Here it is, the end of another fantastic year, and I’m just now getting started on my bookkeeping. Again?
I know I’ve said that success requires you know how your business is doing by keeping your bookkeeping up-to-date. I guess I should be following my own advice.
Excuses Why I haven’t Kept Up
That’s all they are, excuses, not reasons.
The year started with a Bang, continuing last year’s trend. Up 35% for January. WOW! Gotta take a break from the Christmas season, and start planning for the upcoming trade show.
Not all that many entries to make, I’ll do it next week… month… quarter…
Las Vegas buying trip. Get those new products up and listed.
Gotta get my garden set up. Finish those raised beds.
Oldest son having surgery. We plan a 2-month motorhome trip to help out.
This semi-retirement is pretty cool. Only have to work a few hours a week, not the half-days we had in our physical stores. (We did get to choose which 12 hours we worked then, however.)
Man, those motorhome repairs are nickle and dimeing us. I hope they get it right this time.
Sure rides good on this Thanksgiving road trip.
Wow, Christmas sales doing well. We have already beat last year. Can we break that looming milestone?
YIKES!~ It’s the day after Christmas, and I haven’t even entered ONE expense or receipt. What am I going to do?!?!
What I’m Going To Do
Well, I’m going to get started, and keep at it until It’s done. That’s what I’m going to do.
Along the way, there’s the physical inventory here to take. I have to collect final documents from vendors and venues. There aren’t any W-2s to generate nor to receive. Just plug away until it’s done.
Because I really only do a few hours each week of actual business work, I’ll be able to spend a few additional hours each day to get all this done.
I can do it.
How I Will Prevent This For Next Year
Yeah. Sure. That’s my story.
My bookkeeping process really isn’t that hard, nor is it onerous. I’m just lazy.
It comes back to me being the Boss of myself, the Employee. That’s the hardest job for the self-employed. Who is accountable, and how?
I’ll start with an SOP (Standard Operating Procedure) that outlines each step for data entry. I don’t need to make daily entries due to delayed data from our online sites, and low volume of expenses from home. But, at the end of each month, I can easily forget the subtle process details I originally worked out earlier.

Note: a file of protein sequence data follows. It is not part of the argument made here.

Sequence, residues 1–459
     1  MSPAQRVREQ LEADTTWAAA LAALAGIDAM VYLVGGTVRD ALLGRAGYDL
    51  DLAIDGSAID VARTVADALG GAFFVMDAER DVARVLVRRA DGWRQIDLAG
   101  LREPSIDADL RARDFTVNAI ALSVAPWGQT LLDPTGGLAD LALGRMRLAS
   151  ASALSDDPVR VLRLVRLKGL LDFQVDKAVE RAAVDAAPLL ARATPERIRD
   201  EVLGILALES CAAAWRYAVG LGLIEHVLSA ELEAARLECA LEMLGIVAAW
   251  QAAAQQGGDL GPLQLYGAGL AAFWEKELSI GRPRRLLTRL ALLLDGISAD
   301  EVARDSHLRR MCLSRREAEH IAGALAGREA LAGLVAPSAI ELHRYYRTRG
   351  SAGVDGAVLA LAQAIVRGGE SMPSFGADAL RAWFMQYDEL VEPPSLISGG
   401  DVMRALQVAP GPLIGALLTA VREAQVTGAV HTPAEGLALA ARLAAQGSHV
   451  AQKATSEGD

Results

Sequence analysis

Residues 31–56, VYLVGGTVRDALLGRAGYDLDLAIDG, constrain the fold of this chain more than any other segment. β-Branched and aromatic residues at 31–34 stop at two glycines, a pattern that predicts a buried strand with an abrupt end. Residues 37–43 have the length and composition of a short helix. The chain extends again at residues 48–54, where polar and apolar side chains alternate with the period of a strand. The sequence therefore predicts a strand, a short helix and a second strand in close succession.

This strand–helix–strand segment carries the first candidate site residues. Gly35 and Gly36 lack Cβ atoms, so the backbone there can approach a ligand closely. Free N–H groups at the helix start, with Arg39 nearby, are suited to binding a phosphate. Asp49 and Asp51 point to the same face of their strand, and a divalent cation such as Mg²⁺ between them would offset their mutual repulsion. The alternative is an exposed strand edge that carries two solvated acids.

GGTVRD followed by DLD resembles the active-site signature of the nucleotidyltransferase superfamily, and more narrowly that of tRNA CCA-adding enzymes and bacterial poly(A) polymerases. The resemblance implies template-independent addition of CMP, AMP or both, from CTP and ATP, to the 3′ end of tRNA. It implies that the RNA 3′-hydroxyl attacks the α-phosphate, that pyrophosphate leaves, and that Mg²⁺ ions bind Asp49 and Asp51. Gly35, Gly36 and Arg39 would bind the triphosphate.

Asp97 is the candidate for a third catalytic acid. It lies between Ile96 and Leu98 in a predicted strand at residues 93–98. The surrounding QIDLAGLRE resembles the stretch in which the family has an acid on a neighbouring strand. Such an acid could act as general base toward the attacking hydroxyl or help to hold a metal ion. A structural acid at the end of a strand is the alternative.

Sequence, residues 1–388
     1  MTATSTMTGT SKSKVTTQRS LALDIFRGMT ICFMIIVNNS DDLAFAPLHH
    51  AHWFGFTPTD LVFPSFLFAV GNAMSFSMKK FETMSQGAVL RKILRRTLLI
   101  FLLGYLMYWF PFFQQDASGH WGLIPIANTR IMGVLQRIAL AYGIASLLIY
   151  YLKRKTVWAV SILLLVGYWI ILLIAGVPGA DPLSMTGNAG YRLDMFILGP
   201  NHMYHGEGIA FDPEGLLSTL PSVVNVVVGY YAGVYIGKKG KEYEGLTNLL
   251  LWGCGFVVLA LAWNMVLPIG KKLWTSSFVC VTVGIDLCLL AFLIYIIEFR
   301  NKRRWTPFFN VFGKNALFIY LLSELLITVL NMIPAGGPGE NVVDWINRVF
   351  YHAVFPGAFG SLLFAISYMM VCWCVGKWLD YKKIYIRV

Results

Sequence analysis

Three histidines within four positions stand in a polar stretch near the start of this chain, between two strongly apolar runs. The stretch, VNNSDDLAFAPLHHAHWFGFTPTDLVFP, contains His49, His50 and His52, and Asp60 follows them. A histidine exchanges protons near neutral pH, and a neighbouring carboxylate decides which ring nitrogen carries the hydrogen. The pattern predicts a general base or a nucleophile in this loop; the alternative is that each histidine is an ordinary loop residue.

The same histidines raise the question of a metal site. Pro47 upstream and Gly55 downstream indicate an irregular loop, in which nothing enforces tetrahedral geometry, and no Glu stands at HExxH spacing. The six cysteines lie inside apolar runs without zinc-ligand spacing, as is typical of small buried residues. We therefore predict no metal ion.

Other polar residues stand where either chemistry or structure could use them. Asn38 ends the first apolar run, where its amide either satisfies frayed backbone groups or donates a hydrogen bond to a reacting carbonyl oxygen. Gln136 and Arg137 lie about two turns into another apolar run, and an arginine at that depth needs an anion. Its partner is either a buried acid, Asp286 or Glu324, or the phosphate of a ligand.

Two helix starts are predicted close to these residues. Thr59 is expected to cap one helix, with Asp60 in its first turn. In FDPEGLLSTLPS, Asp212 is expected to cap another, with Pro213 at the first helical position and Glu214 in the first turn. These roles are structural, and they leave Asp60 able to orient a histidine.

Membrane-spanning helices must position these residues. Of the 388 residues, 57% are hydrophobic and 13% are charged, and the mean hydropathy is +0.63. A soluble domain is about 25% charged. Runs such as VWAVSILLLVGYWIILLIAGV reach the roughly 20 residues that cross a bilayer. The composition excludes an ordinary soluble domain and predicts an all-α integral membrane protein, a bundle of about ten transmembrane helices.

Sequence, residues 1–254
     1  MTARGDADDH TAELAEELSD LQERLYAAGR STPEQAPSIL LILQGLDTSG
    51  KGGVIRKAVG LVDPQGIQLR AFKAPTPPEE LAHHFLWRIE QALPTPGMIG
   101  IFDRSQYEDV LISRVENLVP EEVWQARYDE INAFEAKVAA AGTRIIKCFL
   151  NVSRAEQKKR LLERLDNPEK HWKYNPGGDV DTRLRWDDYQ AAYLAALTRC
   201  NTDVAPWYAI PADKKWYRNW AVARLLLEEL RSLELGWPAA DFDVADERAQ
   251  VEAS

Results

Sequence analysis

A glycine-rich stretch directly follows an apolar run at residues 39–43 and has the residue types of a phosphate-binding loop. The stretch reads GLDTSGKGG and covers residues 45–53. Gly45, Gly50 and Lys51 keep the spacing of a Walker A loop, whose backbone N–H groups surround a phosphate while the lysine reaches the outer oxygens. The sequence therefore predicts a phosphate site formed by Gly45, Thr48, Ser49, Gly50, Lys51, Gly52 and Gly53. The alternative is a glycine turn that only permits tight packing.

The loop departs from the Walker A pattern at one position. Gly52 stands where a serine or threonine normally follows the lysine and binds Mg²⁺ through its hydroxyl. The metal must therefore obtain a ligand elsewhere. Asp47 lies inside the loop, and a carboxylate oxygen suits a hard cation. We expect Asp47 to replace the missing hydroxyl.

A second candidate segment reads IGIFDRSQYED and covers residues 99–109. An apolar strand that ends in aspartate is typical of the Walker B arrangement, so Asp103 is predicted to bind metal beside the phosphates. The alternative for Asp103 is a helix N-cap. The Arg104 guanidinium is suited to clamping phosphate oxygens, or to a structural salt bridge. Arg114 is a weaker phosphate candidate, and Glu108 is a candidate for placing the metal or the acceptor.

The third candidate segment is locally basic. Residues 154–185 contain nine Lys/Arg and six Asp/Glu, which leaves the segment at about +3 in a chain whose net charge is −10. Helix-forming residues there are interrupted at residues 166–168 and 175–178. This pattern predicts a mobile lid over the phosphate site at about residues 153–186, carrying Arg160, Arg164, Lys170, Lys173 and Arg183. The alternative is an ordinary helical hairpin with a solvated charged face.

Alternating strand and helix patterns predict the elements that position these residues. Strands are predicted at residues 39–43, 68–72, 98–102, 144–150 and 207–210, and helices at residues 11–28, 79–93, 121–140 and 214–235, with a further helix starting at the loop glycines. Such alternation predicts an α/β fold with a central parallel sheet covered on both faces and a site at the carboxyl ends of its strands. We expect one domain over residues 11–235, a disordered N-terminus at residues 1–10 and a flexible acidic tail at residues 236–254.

The SOP is crucial.
With my old repair shop business, I had dozens of quarterly reports to file and pay to various local, state, and federal agencies. I was so busy running the shop, managing the employees, and making sales, that my brain was fried each quarter.
I created a simple chart that told me which reports to file, which data fields to use for each form, and how each form had impact on the others. It was pre-computer days, so it was a hand-written chart.
Along with a computerized SOP, I created an Excel spreadsheet to track each month and each source to track my progress.
Now, I know what to do, when to do it, and what I have left to do. I know what documents I need to retrieve from each source. I know where to file the paper and digital files when I’m finished with them.
The Tools I Use For Taxes
Over the years, I’ve accumulated thousands of digital and physical tools to manage my business. Most of them lay gathering dust because they didn’t work as I thought it would, or like I needed.
I do use Quicken for most data retrieval and storage. Besides our online business, we have extensive investments to track. Quicken does a pretty good job of managing checking accounts, credit card statements, and investments.
I’ve used it since the 80s with the old DOS version 2. I’m familiar with how it works and how I’ve made it work for us.
I don’t use QuickBooks. Very expensive, in my opinion. Intuit offers the less powerful editions with a monthly subscription these days. I would never own it, but, it would always be up-to-date. The Pro version desktop is full-service, but, again, expensive.
I like to conserve my cash.
For a real double-entry accounting solution, I found GnuCash at http://www.gnucash.org/. It is Open Source (meaning free) and supported by a dedicated group of volunteer programmers.
It has plenty of standard and exotic reports. It’s suitable for personal or small business use. I used it for last year’s tabulation.
I use data from Quicken reports for various audit numbers. Other than that, I get my accounting data from Amazon, eBay, and my bank and credit card accounts.
I use TurboTax for filing my taxes. Again, many years of use. It has always given me good results with little effort. It leads me through every section and form I need to file. It files electronically. If has my State forms to fill out as well.
I use another Open Source program for spreadsheets, documents, and charts. It is Libre Office Suite, found here: http://www.libreoffice.org/. It is compatible with Microsoft Office files. It does use its own file structure, but you can also save as several Microsoft or other file types.
I also use Goggle Calendar to keep track of various due dates. I put in email notifications to remind me to download reports and statements.
I also like to use Evernote to keep notes about current and future business projects. It is simple to use and works across devices. I don’t need to rely on posty notes or scraps of paper to lose my brilliance. I capture it where ever I am. You can get it here: https://evernote.com/.
Processes, SOPs, Calendars, Data-gathering. Gotta have ‘em.
Taxes. Gotta Pay ‘em.
Bookkeeping. Gotta do it.
What Processes Do You Use?